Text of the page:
June 28, 2007 -- San Diego woman Rufus Schneider, and partner Tom Johnson, repeated a feat accomplished only once before in the history of Ride & Tie. On June 16 Schneider became the second woman ever to win the Ride & Tie World Championship since the sport's inception in 1971. The 34-mile race, which combined two runners taking turns riding their team horse across a rugged, hilly course, took place in the Humboldt Redwoods State Park in northern California.
At the tail end of the race another record was set: Madison Trocha became the youngest runner to ever complete a Ride & Tie World Championship at 9 years old. Madison partnered with her horse Barbie and her father Bob Trocha to best the previous youngest record, set by a 10-year-old girl in 1983. The oldest person completing this year's championship race was 72 years of age.
Schneider said she had warned ultra-runner partner Johnson that she was cursed. In all her years racing the Ride & Tie World Championship, she had never placed higher than second in her division. Her overall win broke that streak and garnered the team $1,000 for top man/woman team and "Pat's Purse" of $1,000 because Schneider has no previous championship race wins to her name.
Johnson has won the Worlds previously, first in 1991 and most recently in 2000. As a runner, he has also won the 100-mile Western States Trail Run.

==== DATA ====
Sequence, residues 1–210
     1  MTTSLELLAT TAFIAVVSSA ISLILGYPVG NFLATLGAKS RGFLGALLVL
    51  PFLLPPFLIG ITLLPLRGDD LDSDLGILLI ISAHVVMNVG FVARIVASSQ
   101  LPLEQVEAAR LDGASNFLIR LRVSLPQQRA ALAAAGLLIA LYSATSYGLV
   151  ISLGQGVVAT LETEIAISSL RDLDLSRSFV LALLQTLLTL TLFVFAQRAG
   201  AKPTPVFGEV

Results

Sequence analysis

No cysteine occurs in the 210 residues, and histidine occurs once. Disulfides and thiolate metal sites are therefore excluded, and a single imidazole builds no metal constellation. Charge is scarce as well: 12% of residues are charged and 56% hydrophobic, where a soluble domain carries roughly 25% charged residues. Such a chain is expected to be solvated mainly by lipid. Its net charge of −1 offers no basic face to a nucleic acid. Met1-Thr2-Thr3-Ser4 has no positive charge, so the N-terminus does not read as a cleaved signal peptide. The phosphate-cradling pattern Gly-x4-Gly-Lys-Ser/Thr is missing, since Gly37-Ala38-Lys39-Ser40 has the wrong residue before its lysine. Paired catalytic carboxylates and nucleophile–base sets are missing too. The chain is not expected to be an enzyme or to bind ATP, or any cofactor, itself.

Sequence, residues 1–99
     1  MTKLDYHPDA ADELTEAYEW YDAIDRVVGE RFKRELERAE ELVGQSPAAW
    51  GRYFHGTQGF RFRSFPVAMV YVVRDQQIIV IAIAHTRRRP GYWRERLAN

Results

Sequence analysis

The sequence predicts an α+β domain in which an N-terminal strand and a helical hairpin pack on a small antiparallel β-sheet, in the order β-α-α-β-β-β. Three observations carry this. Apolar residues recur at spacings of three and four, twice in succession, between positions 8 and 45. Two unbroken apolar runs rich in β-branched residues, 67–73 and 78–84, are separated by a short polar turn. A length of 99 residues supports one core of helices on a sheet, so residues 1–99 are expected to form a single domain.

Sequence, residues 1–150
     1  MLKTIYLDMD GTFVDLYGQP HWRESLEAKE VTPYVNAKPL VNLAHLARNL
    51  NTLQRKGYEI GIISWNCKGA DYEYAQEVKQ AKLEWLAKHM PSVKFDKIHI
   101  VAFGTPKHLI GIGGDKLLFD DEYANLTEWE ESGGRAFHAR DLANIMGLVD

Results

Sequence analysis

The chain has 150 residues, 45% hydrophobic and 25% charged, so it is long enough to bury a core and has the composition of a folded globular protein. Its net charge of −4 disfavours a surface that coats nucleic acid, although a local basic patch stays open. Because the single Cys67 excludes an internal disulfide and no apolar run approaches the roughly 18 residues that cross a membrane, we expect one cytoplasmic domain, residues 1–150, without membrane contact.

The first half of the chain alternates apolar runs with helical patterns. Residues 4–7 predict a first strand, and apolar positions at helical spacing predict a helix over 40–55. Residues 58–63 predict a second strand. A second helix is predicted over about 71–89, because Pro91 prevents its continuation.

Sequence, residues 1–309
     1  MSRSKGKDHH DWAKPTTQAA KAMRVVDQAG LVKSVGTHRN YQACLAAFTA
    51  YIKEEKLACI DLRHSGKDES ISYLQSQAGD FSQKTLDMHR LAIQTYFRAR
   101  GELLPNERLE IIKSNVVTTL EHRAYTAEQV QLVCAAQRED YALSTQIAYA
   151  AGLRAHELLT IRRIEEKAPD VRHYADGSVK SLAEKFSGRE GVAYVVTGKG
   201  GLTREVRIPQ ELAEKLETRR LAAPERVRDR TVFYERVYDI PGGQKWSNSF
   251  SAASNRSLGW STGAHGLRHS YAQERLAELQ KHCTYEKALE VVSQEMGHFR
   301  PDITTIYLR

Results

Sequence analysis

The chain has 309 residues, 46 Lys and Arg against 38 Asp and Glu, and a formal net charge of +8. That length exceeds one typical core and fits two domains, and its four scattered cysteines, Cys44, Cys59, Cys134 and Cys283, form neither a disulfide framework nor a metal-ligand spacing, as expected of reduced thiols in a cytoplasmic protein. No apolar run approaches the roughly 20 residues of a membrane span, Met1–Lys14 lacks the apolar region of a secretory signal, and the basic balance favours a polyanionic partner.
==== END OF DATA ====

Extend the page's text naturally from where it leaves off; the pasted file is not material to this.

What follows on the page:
"We had a flawless race where everything clicked. The horse was amazing," said Schneider. Explaining their race strategy, Schneider said she spooked and wanted to ride their horse Koona faster in the first half when the top teams were close behind. Johnson held steady and kept her on pace, preserving the horse for later in the race.
Century in the Saddle (combined runner's age of 100 or more) went to last year's World Champions and this year's second-place team, brothers-in-law Jim Howard and Tom Gey riding Magic Sirocco. Howard made news last year winning a record ninth World Championship mere months after nearly being killed by a falling tree that put him in intensive care for a week. As the first man/man team, Howard and Gey earned $1,000.
The footing for the 2007 Ride & Tie World Championship was kind to the equestrian athletes, but the course profile wasn't easy. There were two climbs of over 1,000 feet each. In between the climbs was a drop of 2,200 feet in less than four miles. Twisting single-track trails through the giant redwood forests favored the sure-footed. At the top of the first major hill it began to rain lightly on race day, cooling human and equine athletes. Hail was reported by some. With the cool temperatures, the event was run faster than expected.
While each Championship is designed to see top teams finish in approximately four hours, this race was won in 3 hours and 11 minutes. Per tradition, and regardless of completion time, each runner whose team successfully completed the course and passed the final veterinarian check went home with a commemorative belt buckle.
The sport of Ride & Tie combines trail running, endurance riding and strategy. The goal is to get all three team members, two humans and one horse, across a 20- to 100-mile cross-country course by alternating riding and running. Everyone starts out together. The rider, being faster, rides ahead and ties the horse to a tree, and then continues down the trail on foot. The team member who started out on foot gets to the horse, unties, mounts up and rides past the runner, ties the horse...and this leapfrog continues the entire course. When, where and how a team exchanges riding for running is almost entirely up to each team. For more information, visit www.rideandtie.org.